Keep in mind that in Lightroom, edits to jpegs are also non-destructive, so they're completely reversible. Similar to with raw files, nothing gets "baked in" until the images are exported from the catalog. Even then, the originals are still untouched. It's a new file that's exported.

Rick Walker

My photos:

GeoVista Photography

Saint Trickster

UK
23 posts

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#7. "RE: Lens correction" | In response to Reply # 6

Saint Trickster Registered since 18th Feb 2013
Mon 11-Mar-13 12:15 PM

Hi guys,

Thank you so much for the informative replies, this was much more than I was hoping for.
I have always shot in RAW since getting Lightroom 10 months ago but only because I was recommended to do so. It's only now that I'm starting to understand the benefits of doing so and I'm glad I made this choice.
With my old D5100 I had Lightroom set up to make lens corrections when importing new photo's but after getting my new toy (D7000) I noticed the in camera correction hence my question. (I would guess the D5100 had this too but I never noticed it)
I'll continue to shoot RAW and will use LR to do all the changes to the images, I just love the way you can't destroy the original in LR.

Many thanks

ST

Antero52

Vantaa, FI
2596 posts

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#8. "RE: Lens correction" | In response to Reply # 6

Antero52 Silver Member Awarded for his expertise in post-processing, being  consistently helpful and professional. Nikonian since 07th Jul 2009
Mon 11-Mar-13 04:29 PM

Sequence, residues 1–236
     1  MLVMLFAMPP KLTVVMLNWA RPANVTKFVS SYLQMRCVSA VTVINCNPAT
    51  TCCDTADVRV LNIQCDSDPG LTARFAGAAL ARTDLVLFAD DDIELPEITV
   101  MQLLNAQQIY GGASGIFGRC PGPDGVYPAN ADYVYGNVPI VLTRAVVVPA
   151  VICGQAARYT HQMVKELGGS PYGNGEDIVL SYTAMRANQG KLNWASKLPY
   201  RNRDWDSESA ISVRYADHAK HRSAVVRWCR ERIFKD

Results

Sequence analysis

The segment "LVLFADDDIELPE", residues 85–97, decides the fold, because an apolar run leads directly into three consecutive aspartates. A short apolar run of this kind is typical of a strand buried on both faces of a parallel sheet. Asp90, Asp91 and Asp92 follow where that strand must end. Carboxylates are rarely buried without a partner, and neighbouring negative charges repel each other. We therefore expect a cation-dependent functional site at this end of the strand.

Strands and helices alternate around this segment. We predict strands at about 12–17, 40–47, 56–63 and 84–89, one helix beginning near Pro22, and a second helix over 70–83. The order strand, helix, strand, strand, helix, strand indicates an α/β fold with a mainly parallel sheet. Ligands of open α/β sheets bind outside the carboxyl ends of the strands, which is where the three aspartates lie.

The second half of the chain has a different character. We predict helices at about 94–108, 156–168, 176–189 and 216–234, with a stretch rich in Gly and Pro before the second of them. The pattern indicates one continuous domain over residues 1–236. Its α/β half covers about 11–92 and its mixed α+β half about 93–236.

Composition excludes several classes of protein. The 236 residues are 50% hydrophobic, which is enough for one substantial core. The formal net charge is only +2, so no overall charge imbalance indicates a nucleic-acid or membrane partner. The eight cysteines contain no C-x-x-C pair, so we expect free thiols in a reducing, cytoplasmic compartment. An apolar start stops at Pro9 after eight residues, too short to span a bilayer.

Rick,

The original question was whether to apply lens corrections in the camera or in the computer. If the camera creates a jpg file with lens profile corrections, and crops out some pixels in the process (as a result of correcting pincushion distortion), there is nothing anyone can do in LR to restore the lost pixels. I admit that this is not a common occurrence, and I only mentioned this as an example of why it is not always desirable to apply automatic lens profile corrections.

Regards, Antero

walkerr

Colorado Springs, US
15592 posts

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#9. "RE: Lens correction" | In response to Reply # 8

walkerr Administrator Awarded for his con tributed articles published at the Resources Awarded for his in-depth knowledge in multiple areas Donor Ribbon awarded for his very generous support to the Fundraising Campaign 2014 Master Ribbon awarded as a member who has gone beyond technical knowledge to show mastery of the art and science of photography   Nikonian since 05th May 2002
Mon 11-Mar-13 05:29 PM

Makes sense.

Rick Walker

My photos:

GeoVista Photography

G